Now, for being a game full of content at the price it’s at, Fix is well worth the buy. While there is some monotony within the design of the game, if each level is compared by itself, the puzzles really shine. The aspect of Fix that makes it puzzling is the visualization of the outcome. I know I need to connect these paths so the cat can get to their home, but it just doesn’t seem possible. The game challenges you to question the tools in which you’re given. Yes, you have to do every step in the sequence, but sometimes you don’t use the tool to its full potential, or you purposefully destroy the work that you’ve done. There are moments where I can’t visualize what result my action will have, to which I have to click around and perform various steps before really seeing what my goals are. The rotation tool typically throws me off because I can’t visualize how the map will look if I move some tiles in a different orientation. The “eureka” moment is prevalent in each level. There were definitely times I facepalmed myself after realizing how simple the solution was.
It might be possible that the art assets were bought from a standard asset pack (hey, not everyone is an artist), but for a calm puzzle aesthetic, I think the low-poly graphics cater to it well. Each level feels cohesive like it’s cut from a larger map. Different seasons exist, as well as times of day. A negative thing I’d mention about the art choice is that some of the color palettes are intense. At one moment I’m relaxing in the cool nighttime, the other moment I’m squinting my eyes from the bright electric pink of the next level. Can be a little much, I’d say. The levels don’t follow a timeline either, so it jumps from random seasons and random times of the day. Talking about color; this game is not necessarily accessibility friendly. End marker flags and travel lines could be possible close colors. I had a frustrating time one level where I thought I completed it early, only to find out after checking the hints that I confused the black trail with the dark red (and I’m not even colorblind). Also a side note, all steps must be completed to finish a level. From what I’ve played each level is strictly linear and only has one way to solve it.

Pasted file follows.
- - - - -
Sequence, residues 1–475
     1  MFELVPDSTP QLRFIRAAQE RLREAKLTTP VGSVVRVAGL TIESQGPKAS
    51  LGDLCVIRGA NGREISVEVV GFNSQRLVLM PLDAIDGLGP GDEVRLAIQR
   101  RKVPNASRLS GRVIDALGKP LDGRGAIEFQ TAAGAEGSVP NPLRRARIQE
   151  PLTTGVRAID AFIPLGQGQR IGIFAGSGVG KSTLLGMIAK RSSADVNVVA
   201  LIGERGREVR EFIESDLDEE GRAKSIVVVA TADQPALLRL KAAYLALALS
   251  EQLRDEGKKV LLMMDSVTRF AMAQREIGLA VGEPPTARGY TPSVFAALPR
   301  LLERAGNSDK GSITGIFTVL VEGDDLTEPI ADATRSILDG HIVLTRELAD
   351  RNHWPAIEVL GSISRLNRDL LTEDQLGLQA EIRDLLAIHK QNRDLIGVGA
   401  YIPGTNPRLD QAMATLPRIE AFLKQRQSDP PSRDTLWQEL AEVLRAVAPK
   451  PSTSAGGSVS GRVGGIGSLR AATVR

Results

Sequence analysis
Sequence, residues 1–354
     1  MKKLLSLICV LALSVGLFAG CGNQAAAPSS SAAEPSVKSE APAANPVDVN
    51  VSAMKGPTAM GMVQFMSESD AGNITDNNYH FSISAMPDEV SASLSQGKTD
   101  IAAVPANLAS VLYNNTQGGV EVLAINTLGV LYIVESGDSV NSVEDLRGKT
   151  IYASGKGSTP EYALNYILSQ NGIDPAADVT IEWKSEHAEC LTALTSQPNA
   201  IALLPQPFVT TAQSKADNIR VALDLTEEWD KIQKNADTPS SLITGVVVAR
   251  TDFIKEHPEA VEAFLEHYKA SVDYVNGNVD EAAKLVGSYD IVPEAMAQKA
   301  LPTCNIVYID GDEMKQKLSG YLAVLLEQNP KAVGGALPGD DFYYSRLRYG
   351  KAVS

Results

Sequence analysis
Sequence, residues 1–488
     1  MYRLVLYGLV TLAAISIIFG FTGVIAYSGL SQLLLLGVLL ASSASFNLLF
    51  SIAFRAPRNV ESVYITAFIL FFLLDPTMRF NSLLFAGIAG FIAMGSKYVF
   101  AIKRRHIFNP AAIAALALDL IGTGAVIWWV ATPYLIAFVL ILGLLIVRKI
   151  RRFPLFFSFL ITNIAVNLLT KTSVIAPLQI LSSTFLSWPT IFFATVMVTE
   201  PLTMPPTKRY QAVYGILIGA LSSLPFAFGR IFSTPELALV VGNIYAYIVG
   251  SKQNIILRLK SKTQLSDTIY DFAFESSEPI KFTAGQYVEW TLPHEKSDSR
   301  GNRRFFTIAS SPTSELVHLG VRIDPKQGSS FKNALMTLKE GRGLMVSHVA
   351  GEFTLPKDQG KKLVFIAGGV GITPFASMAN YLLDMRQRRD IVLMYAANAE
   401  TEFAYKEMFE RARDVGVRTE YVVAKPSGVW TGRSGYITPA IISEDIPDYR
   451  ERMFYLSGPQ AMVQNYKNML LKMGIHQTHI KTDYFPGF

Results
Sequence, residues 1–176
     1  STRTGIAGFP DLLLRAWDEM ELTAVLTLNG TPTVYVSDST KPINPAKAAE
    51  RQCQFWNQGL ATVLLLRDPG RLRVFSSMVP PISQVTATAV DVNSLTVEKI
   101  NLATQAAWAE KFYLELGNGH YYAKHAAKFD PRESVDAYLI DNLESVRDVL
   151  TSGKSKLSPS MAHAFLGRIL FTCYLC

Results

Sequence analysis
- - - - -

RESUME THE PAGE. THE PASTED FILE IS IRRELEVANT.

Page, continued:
The music is nice and peaceful, with some recognizable covers here and there (mostly jazz standards). The music isn’t dynamic, however, and it kind of feels like a let-down when the scenery changes dramatically and the music stays the same. It’s just on a continuously looping playlist that loses its charm after a couple repeats. The sound effects fit the game’s light-hearted quirkiness and make actions feel crisp and snappy.
To summarize: simple mechanics and gameplay, where the challenge is knowing how your actions change the map. Puzzles can feel similar at some points, and without anything to really tie them together the motivation to keep playing starts to dwindle. Art is lighthearted and colorful and music is relaxing and upbeat to go along with the happy theme.
Jordan reviewed Please Fix the Road on PC with his own bought copy.